“What started as a harmless hobby, transformed into a life-destroying addiction. One that ultimately led to me getting discharged from the military and having a marriage ending in divorce.”
I’m from a small town in Virginia. There wasn’t much for us to do apart from the annual get together at the local park.
I remember my dad bringing home a PlayStation one day when I was four years old. I thought it was the coolest thing I’d ever seen.
Best of all, I was allowed to play pretty much anything.
What started as a harmless hobby, transformed into a life-destroying addiction. One that ultimately led to me getting discharged from the military and having a marriage ending in divorce.
I don’t blame my parents one bit, though. They didn’t know. How could they?
Gaming Was Always A Part of My Life
Since the original PlayStation, I always had a gaming console. I went from that to the original Xbox after I was introduced to Halo. That’s when it really took a hold of me.
I played non-stop some days – even during the school year. It really affected my grades.
This was before parents could go online and see a detailed report of their child’s schoolwork so when I told them my homework was done, they had to believe me. I never failed a grade, but I certainly didn’t live up to my potential. I always passed with C’s or D’s.
In 2004, Xbox Live was introduced, and I could finally compare my skills to other people around the world. I loved it, and I thought about it constantly.
I craved it.
It even took precedence over football, which was my main focus at the time. I was offered scholarships from major Division-1 schools.
But I couldn’t escape video games. I couldn’t leave my house for more than a day. When I went on family vacations the Xbox came with me.
Related: How to Deal with Cravings
Gaming Addiction Caused My Divorce
It took a divorce to make me stop gaming. I didn’t really take notice until I enlisted in the military, and my thinking was “if I’m forced to do something, then the issue will take care of itself.”
I couldn’t have been more wrong.
After two months, I was deemed “unfit for service” in the Army. My addiction ruined any chance of a successful military career.
After getting home, a short time after, I met my now current ex-wife. If you couldn’t already tell, we ended up in divorce.
We had a child, a house, and everything seemed to be looking up. I did this all while gaming in my spare time. However, gaming was always my number one priority. Over my wife, my child, and the countless jobs I had squandered away.
The divorce was mainly due to my addiction. I was neglectful. To her and my son. This is when I finally said, “enough is enough.”
Breaking Away from Video Games
After the separation, I decided to do three months of “no gaming detox”.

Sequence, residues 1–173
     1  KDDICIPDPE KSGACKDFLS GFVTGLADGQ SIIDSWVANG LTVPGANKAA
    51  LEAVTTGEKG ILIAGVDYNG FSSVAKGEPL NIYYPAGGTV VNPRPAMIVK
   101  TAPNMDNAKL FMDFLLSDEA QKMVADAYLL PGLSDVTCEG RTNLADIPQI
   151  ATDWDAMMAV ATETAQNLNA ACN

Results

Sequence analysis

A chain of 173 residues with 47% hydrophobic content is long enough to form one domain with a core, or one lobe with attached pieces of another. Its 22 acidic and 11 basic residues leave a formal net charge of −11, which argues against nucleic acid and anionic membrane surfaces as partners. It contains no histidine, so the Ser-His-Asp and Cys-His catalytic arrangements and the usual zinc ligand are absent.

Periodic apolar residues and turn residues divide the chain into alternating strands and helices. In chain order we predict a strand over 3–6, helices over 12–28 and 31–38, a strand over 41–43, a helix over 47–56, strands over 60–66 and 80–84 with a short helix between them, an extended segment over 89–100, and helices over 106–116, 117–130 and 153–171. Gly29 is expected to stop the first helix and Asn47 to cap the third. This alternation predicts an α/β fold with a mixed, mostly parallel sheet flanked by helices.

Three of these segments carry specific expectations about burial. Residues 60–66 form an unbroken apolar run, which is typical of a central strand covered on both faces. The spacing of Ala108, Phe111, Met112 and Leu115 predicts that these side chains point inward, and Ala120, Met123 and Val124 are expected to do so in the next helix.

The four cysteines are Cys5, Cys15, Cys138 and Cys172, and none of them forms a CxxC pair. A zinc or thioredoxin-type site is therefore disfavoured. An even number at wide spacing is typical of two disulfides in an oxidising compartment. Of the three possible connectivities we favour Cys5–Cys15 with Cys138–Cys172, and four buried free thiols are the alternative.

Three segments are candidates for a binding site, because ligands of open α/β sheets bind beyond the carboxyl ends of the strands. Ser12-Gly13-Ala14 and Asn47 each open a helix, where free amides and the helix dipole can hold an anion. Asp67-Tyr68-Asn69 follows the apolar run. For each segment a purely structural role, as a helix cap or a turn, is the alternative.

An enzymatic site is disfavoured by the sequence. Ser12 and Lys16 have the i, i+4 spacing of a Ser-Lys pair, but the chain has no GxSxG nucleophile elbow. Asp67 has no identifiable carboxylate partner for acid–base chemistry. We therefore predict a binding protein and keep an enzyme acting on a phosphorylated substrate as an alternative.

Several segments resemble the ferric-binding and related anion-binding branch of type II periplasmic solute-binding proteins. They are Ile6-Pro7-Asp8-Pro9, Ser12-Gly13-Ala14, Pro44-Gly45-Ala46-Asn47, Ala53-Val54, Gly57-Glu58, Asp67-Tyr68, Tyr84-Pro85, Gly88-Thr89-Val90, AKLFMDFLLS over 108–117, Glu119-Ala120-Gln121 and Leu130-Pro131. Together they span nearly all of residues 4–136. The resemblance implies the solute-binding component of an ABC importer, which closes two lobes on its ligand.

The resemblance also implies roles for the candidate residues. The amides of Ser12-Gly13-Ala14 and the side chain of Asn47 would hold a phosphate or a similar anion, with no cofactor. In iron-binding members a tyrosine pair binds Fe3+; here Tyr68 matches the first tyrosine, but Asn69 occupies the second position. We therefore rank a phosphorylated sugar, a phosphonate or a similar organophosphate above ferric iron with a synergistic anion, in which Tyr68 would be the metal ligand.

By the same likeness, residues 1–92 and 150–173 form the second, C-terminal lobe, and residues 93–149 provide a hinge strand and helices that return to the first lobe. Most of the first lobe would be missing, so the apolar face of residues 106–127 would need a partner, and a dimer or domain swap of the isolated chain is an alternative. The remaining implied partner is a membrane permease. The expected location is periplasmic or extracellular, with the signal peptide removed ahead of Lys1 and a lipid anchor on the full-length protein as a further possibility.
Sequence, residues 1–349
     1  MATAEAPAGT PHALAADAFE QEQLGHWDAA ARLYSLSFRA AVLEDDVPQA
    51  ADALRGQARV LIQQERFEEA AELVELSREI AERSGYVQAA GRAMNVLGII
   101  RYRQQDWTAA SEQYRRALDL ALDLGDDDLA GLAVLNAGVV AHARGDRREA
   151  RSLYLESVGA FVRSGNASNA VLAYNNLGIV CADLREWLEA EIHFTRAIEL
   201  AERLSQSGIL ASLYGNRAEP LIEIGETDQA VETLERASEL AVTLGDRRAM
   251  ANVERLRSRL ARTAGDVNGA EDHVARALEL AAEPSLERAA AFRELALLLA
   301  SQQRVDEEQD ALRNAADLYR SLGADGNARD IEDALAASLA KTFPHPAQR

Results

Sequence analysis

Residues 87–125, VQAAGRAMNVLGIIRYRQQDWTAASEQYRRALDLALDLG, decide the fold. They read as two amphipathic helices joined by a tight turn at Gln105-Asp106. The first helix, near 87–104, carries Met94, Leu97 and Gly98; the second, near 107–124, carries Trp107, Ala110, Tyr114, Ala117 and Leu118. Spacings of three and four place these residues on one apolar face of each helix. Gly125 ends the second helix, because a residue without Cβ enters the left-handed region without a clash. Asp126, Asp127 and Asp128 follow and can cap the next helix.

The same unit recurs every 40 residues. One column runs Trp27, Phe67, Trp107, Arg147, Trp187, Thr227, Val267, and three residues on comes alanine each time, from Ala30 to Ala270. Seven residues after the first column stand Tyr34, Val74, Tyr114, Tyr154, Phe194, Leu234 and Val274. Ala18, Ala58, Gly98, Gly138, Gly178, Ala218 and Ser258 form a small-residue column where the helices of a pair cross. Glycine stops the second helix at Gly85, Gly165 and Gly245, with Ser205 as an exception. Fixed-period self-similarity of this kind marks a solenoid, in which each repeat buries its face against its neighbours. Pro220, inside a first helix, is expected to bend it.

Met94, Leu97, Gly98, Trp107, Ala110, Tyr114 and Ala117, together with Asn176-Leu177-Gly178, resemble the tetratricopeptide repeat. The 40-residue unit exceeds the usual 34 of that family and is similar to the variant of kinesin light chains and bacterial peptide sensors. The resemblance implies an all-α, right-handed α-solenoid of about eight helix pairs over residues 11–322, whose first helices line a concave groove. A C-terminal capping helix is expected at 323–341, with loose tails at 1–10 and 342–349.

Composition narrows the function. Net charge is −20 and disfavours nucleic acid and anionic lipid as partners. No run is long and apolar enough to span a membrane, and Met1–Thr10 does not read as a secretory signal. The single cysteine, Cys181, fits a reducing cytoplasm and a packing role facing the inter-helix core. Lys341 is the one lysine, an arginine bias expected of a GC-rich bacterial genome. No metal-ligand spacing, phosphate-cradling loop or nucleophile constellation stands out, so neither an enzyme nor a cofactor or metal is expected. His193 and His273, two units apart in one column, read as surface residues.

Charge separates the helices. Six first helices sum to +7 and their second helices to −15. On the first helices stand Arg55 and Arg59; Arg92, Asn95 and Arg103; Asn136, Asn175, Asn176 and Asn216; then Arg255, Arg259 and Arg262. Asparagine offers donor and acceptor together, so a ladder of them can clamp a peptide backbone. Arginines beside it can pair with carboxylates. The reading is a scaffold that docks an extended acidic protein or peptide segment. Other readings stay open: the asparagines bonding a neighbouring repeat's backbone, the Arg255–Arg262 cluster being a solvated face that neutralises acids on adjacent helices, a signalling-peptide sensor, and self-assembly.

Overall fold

With help from friends and family I sold about $20k worth of video games and separated myself from technology completely. I didn’t even use my smartphone during this time. Friends had to fill out my job applications on their own computers
I bought a house. A new car. I even restored my relationship with my son. My ex-wife and I are now some of the best co-parents you’ll ever see. I even felt comfortable enough to buy an Xbox again.
Now I know what you’re thinking, “Are you crazy? You’re going to fall off the wagon!!”
Those 90 days did wonders for me. 90 days turned into 180 days. 180 into 245. I picked up a controller for the first time in April and…
It just didn’t feel the same.
I didn’t have the competitive drive I once had. I didn’t feel like I had anything to prove. It didn’t feel like an escape. I enjoyed it for what it was for about 30 minutes. I sat the controller down and went outside to join up with some friends to play basketball.
My life is finally back under control.
Sure, every day is a struggle. And the temptation will always be there. But I won’t let it take control of my life again. It’s meant to be a hobby and enjoyed in small segments. That’s all it’s going to be for me.
Sure, I might play once a week. But I have found that it’s much more rewarding to be an outstanding father, to have a career, and to have a meaningful relationship with someone.
To live a real life.
It’s Possible to Make Real Change
Gaming addiction is real and it won’t go away until you decide to take control.
You have the power to do it.
Here’s how my life has changed since I quit:
- I own one Xbox, and I use it mainly for Netflix.
- I’m an Engineer for a building supply company.
- I own my own house and brand new car.
- I have my son every other day, and he loves to spend time with me.
- My ex-wife is proud of my accomplishments.
I even have a girlfriend who’s supportive and understands my daily struggle.
Life is so much bigger and more rewarding than what any game can offer you. I’m living proof that you can overcome your addiction and really create a life worth living.
Thank you for reading this. I hope it helps you in some way.
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